Today's post concerns an inaccurate assumption made by a reporter, Stephanie Mencimer for Mother Jones Magazine in an article entitled, "Glenn Beck: Televangelist." As I have made clear on this blog ( 03/15/10 and 10/25/09), I am no Beck fan but the reporter made a serious mistake.
Beck talked wistfully about the spiritual transformation he underwent after he embraced tithing, which is heavily encouraged by his Mormon church. He said at first he was resistant, happy to show off the $20 he put in the plate on Sunday morning, but not much else. But now, he said earnestly, "It is my joy and my honor to tithe 10 percent."
We don't use a collection plate, never have and never will. Tithing is handled much differently than this reporter assumed.
Tithing is a basic concept in our religion. It is explained thoroughly in the Encyclopedia of Mormonism, the Church's official web page and our Bible Dictionary.
The manner in which we pay tithing is different from any other religion of which I have knowledge.
First we obtain a tithing slip and envelope. They are available somewhere in our local meetinghouses, usually in a small holder close to our local leaders' offices. We compute our tithing ourselves and fill out a tithing slip. There are many different funds we can contribute to in addition to tithing. The tithing slip has two sheets, one of which is a carbon. The carbon becomes our initial "receipt." See the image below:
We place our money and the top sheet of the tithing slip into the provided envelope and seal it. In the image below, notice that there is a full address for the local leader of our congregation. There are lines for a return address and a box for a postage stamp.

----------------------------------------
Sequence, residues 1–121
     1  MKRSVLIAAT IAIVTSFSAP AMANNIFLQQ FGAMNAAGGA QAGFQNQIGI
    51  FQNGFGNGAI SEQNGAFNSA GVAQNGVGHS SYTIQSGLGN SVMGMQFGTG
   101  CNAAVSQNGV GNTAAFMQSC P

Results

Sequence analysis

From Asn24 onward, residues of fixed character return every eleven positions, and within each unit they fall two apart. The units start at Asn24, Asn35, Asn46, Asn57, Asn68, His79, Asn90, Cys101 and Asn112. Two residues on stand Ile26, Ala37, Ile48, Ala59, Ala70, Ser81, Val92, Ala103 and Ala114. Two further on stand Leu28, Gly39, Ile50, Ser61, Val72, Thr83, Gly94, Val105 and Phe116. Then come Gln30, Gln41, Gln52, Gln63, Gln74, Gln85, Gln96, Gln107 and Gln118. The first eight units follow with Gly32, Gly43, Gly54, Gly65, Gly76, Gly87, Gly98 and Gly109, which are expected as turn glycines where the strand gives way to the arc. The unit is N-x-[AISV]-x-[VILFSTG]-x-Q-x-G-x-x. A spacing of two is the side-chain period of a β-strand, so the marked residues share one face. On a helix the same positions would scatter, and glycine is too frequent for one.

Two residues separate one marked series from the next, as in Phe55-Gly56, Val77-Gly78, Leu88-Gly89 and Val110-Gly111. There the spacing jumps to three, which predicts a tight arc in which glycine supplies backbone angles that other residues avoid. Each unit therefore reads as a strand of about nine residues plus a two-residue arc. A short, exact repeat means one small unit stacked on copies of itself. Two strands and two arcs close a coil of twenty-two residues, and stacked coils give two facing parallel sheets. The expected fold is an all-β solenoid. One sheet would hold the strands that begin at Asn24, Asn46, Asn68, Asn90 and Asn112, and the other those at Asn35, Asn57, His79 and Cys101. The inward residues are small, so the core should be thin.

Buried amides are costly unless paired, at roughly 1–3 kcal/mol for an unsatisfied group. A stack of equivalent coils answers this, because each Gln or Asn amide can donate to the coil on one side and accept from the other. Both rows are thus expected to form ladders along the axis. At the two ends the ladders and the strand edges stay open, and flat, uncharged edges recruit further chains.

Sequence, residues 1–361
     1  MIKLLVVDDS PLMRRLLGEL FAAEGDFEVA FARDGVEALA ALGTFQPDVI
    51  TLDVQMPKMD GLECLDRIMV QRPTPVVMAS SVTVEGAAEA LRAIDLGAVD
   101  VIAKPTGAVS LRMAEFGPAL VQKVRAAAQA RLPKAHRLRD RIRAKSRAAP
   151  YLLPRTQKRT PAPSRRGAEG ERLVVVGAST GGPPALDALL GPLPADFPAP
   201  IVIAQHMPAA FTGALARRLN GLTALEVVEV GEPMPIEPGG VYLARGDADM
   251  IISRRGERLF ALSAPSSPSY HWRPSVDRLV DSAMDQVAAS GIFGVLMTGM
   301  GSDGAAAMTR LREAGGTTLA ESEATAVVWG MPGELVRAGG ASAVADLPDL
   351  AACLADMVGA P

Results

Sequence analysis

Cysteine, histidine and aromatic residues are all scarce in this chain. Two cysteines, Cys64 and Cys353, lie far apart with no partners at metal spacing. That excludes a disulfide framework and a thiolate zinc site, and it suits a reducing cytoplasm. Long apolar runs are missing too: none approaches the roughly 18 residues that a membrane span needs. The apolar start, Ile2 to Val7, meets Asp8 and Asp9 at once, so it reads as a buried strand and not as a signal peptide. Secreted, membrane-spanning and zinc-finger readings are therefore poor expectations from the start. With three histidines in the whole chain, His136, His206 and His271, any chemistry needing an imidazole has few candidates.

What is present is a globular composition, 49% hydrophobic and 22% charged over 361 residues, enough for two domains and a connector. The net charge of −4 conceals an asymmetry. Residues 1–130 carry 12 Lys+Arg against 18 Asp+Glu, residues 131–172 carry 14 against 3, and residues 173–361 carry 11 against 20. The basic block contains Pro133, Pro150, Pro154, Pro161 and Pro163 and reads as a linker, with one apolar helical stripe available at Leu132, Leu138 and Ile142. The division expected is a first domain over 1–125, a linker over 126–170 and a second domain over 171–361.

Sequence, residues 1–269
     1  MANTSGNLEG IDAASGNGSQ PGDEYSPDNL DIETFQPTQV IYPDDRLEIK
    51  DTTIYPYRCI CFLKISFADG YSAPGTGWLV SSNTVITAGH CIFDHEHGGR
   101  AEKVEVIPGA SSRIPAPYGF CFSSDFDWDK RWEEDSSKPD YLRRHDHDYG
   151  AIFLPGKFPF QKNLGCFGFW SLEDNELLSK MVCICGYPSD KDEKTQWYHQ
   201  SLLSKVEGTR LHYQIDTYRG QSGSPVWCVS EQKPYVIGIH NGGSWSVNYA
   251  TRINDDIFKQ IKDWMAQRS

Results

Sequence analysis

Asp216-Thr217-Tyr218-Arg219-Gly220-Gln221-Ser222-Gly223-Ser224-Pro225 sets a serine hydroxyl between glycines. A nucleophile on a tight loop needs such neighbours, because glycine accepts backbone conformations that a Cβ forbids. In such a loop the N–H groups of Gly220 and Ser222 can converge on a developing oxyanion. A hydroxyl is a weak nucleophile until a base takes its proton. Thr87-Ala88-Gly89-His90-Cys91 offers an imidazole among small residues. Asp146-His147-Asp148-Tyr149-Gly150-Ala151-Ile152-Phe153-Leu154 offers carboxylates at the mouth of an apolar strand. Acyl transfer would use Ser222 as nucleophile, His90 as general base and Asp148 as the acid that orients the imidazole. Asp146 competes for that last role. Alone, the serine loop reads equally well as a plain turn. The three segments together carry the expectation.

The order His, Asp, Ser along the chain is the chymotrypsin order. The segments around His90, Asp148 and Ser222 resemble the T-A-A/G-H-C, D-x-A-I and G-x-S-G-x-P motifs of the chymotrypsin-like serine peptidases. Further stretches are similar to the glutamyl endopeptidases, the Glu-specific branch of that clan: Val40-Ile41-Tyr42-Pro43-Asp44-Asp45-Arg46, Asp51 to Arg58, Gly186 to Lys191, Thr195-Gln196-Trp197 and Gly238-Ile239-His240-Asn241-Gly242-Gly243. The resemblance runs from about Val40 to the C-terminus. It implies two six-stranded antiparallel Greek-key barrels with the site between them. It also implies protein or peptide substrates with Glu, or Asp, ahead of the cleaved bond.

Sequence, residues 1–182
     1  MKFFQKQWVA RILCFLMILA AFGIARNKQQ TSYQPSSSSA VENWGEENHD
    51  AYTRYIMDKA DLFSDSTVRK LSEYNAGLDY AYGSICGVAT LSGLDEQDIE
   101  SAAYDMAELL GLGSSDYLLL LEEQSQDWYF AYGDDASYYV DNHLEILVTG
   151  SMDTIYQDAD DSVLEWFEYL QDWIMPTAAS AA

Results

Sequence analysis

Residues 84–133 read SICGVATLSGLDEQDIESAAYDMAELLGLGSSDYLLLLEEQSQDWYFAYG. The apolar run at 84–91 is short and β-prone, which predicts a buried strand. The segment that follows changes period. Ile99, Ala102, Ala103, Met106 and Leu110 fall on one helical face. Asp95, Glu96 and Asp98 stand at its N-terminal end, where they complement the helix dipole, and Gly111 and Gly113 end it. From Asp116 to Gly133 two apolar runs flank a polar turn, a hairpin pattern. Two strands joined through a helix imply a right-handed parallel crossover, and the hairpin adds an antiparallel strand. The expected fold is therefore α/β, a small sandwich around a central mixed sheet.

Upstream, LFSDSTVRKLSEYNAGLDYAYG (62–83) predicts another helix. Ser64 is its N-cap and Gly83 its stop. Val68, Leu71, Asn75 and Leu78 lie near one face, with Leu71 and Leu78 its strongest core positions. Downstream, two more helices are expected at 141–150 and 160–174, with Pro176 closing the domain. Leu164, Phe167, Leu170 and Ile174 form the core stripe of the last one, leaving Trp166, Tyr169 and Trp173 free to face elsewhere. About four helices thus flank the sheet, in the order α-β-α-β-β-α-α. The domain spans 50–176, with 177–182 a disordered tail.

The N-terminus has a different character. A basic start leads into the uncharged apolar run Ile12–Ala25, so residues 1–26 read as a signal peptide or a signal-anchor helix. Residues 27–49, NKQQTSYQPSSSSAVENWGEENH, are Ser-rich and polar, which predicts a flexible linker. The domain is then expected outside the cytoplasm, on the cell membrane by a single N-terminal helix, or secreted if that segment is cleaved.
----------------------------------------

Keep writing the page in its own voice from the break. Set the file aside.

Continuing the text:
Usually, we bring our completed envelopes to our three hour block of Sunday meetings and hand it to one of three designated leaders during the course of the day. This confidential hand off can occur anywhere or anytime though. It can also be mailed through the post office.
The envelopes are usually opened after our regular Sunday worship services are over. Church leaders have standardized procedures that they must go through in opening the envelopes, recording the money, depositing the money, etc. These are strict and standard accounting controls including who and how many leaders must be present when the envelopes are open and the money is counted and recorded.
At the end of a calendar year, members voluntarily go to "tithing settlement" where official church records are compared against the member's own records and any reconciliation takes place. The member also tells church leaders whether the tithing is full or partial. Paying a full tithing means a member pays ten percent of gross income. This declaration is made on the honor system. The local leader takes the members word for it.
As you can see, there is nothing even remotely resembling a "collection plate." I hope this reporter, and others, will take more care in what they write.